With mosquitoes this big...



...swarming and droning...



...you really do need a mega can of bug repellent.


And, yes, Paul Bunyan was depicted in two of the creations. Unfortunately, in one case, Babe the Blue Ox, Paul’s side-kick, had toppled in the wind. But my husband set him upright for a photo op before Babe tumbled back to earth—at the mercy of Paul’s axe, noted a little girl who was touring the fest grounds.

Then I had to add, in a garish Halloween comment, that Paul was making Babe into steak. So much for keeping this family-friendly…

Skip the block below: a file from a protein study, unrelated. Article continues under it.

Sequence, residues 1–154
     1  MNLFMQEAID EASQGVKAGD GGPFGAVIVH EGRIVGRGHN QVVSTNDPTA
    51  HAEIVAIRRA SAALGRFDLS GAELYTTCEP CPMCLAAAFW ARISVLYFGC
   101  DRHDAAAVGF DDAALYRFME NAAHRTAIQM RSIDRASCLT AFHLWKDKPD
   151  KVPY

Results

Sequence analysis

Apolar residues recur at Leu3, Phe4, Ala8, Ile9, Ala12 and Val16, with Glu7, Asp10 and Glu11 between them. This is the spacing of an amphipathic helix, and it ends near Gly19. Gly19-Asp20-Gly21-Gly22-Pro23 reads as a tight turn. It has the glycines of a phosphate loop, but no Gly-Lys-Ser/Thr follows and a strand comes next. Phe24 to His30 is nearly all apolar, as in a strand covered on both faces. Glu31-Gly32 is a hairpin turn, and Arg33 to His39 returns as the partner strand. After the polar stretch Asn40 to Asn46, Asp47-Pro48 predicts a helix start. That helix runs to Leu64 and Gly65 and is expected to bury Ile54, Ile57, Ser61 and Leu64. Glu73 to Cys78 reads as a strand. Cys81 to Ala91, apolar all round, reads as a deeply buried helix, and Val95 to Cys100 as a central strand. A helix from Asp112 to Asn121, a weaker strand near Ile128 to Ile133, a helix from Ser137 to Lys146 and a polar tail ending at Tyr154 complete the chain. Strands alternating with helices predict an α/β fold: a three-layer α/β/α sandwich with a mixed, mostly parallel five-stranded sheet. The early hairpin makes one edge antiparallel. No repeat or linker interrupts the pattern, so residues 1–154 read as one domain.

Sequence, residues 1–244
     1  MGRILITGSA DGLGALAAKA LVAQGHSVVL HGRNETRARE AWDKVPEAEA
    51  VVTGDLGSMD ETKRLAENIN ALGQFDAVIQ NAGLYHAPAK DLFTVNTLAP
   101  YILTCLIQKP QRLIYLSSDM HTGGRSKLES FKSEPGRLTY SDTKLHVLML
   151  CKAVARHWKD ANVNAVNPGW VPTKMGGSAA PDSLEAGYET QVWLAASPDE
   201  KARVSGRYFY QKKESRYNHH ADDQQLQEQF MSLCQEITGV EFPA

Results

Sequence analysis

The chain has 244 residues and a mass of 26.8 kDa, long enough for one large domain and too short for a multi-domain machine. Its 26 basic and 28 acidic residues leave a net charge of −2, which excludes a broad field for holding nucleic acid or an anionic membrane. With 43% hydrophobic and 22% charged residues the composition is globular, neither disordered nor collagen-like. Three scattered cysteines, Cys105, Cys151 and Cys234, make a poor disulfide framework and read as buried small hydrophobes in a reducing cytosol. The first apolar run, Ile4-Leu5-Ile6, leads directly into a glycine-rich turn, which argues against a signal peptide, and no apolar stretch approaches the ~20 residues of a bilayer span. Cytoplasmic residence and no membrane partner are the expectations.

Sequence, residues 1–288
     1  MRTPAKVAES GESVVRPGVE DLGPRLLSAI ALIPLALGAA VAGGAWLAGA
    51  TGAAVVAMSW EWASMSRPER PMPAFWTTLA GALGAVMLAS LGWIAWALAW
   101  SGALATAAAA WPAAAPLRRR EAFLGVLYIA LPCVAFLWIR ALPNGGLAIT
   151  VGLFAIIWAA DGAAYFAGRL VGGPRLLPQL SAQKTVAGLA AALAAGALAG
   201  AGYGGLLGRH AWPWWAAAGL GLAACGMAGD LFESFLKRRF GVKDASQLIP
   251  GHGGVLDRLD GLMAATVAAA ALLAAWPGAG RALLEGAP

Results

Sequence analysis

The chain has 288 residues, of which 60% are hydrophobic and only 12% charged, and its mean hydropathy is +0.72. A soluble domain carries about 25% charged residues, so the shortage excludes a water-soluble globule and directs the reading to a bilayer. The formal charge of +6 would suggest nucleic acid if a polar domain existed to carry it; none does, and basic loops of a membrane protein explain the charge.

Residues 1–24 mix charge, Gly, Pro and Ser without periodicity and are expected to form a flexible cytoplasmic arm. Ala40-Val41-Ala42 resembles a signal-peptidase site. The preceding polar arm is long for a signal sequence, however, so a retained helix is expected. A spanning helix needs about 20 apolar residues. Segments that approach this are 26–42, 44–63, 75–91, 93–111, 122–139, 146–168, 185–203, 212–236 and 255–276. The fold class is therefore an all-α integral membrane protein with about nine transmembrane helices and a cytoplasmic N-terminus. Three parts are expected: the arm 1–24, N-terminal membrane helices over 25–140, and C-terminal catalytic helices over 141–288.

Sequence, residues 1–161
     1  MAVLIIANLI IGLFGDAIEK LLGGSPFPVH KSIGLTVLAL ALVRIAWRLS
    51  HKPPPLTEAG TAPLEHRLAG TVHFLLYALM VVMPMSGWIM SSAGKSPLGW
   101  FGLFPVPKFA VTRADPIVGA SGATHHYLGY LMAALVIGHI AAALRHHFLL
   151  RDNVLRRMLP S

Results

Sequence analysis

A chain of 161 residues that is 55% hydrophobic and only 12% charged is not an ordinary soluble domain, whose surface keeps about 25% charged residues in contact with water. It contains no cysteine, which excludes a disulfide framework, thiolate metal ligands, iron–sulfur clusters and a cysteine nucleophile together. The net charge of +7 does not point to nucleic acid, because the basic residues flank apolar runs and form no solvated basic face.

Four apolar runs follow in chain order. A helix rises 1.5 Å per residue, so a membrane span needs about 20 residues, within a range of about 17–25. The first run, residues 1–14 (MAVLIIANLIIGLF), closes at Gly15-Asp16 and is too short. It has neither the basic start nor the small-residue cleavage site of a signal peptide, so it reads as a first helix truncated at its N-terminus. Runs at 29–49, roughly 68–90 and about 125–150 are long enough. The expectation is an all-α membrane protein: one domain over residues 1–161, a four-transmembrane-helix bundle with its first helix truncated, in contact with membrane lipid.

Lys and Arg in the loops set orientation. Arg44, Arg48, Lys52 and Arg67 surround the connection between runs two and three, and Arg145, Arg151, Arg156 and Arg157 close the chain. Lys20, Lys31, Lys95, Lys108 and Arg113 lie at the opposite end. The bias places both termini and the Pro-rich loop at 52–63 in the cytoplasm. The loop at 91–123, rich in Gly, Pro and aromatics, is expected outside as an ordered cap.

This Babe the Blue Ox had toppled in the wind, but he stood briefly for this photo.



This second Babe the Blue Ox sculpture stood his ground in the elements.


Honestly, I had to admire the ingenuity of the contestants with gourds transformed into fish and mosquitoes, a loon with a sock head and a pumpkin painted red to represent the cherry on Spoonbridge and Cherry at the Minneapolis Sculpture Garden.



MSAD's version of the cherry and spoon sculpture.



One of my favorite entries, this sockhead loon.


Unfortunately Split Rock Lighthouse had fallen by the time we arrived for our tour. Typically the weather takes a toll on this wind-swept campus.

But, for the most part, these exhibits need to be durable, durability being one of the criteria considered by judges evaluating the vignettes. They also look at use of materials, overall appearance and creativity.